Presentation on theme: "Body Types Before the bell: 1.Get out your journal. 2.If you have a calculator…it would be very useful to have today…get it before class starts, do not."— Presentation transcript:
Body Types Before the bell: 1.Get out your journal. 2.If you have a calculator…it would be very useful to have today…get it before class starts, do not ask me to go to your locker for it!
Journal The man on the video stated that a person could be “fat but fit”. 1.How is this possible? 2. What should healthy weight be based on?
Body Image A person who feels good about the way she or he looks is more likely to have a positive self-image. Trying to look the same as a model, an athlete, or anyone else is not a healthy approach to body image. It’s important to recognize and accept that there are differences in body type- no individual weight or body type is ideal at any age. Pg. 99
Body Types Mesomorph: Square, heavily muscled, athletic build Endomorph: Round body, little muscle definition, high body fat % Ectomorph: Thin, long limbed, possibly tall, little muscle definition Most people are medial (combination of these three body types).
Your Appropriate Weight Many factors influence your appropriate weight, or the weight that is best for your body. These factors include your gender, height, age, and body frame (small, medium, large), and, during your teen years, your growth pattern. Pg. 99
Weight Problems Being overweight or underweight is unhealthy. Many teens are concerned that they have a weight problem. In reality, most teens don’t need to lose or gain weight. In fact, unwise dieting can interfere with normal growth and development. Pg. 100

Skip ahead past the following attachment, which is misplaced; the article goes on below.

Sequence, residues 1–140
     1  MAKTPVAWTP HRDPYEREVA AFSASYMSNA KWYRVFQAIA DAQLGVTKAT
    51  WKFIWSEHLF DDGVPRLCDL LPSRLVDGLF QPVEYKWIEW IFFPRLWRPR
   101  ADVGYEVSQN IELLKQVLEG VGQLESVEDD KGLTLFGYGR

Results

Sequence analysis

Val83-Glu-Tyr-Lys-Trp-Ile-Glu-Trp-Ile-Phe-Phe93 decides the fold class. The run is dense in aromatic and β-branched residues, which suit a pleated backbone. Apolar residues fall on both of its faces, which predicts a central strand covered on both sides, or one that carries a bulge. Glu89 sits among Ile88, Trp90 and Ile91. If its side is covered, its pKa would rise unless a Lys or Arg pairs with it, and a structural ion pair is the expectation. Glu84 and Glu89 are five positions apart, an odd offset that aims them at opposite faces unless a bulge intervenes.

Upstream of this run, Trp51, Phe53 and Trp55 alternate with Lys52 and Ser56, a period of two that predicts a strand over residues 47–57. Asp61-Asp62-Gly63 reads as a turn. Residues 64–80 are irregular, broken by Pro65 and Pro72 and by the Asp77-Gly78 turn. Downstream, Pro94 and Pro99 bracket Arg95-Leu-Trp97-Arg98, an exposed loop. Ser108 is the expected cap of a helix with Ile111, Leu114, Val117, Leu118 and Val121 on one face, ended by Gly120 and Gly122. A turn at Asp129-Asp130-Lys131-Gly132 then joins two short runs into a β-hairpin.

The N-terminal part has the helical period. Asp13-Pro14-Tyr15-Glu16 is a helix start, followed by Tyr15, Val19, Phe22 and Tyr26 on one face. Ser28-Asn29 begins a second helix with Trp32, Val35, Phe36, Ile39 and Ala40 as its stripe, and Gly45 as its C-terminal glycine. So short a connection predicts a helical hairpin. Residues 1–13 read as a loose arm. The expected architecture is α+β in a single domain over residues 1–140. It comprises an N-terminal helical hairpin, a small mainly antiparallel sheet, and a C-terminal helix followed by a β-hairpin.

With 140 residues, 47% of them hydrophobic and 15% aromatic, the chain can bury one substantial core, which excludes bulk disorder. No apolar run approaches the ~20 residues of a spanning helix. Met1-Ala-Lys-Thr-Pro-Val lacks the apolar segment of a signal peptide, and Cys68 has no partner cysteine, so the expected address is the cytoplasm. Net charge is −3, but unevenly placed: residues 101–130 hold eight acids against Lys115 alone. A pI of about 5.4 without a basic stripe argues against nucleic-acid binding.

Overweight Eating empty-calorie foods or eating more food than needed leads to weight gain. Weight gain is also linked to a sedentary, or inactive lifestyle. Excess weight puts strain on the heart and lungs. Overweight people have an increased risk of developing high blood pressure, diabetes, heart disease, cancer, and stroke. Pg. 100
Underweight Some people are underweight because they do not consume enough nutrients. Others are underweight because of extreme dieting or excessive exercise. People who are underweight many not have enough body fat to cushion the body’s organs and bones. They may often feel tired due to insufficient food energy, and they have little body fat as an energy reserve. Underweight people are also more likely to develop disorders related to a low food intake, such as anemia. Pg. 100
The Role of Calories The more calories a food contains, the more energy it provides. When you take in the same number of calories that your body burns, your weight remains the same. On average, teen females require 2200-2500 calories per day, and teen males require 2500- 3000. A healthful eating plan is based on foods with high nutrient density. Pg. 100
Reaching your Appropriate Weight Most successful weight change programs combine increased physical activity with a healthful eating plan, including mostly nutrient-dense foods. Managing Weight Change Use critical-thinking skills to analyze weight modification practices. Select appropriate practices to maintain, lose, or gain weight according to your individual needs and sound scientific research. Pg. 101
Weight Management Balance caloric intake with caloric expenditure.
So what do I eat??? -Eat foods from every food group every day. -Eat a variety of foods every day. -Eat everything in moderation.
Appropriate weight is should be based on several different measures including body fat percentage and BMI (Body Mass Index). Body fat percentage is the ratio of fat to muscle or your body composition. Body fat percentage can be measured in several different ways. -calipers -electrical impedance scales -hydrostatic weighing Body fat percentage is subject to error just like any other body weight measurement.
BMI is the ratio of height to weight. BMI can be measured with a mathematical calculations. BMI is subject to error just like any other body weight measurement.
Calculate BMI 1.Multiply your weight in pounds by 703. 2.Divide the result from step 1 by your height in inches. 3.Divide the result from step 2 by your height in inches. 4.The final number you calculate will be your BMI. Line up your BMI with your age and determine which category you fall into. **REMEMBER, BMI IS NOT 100% ACCURATE BUT IT DOES GIVE A MORE RELIABLE MEASURE THAN A SCALE.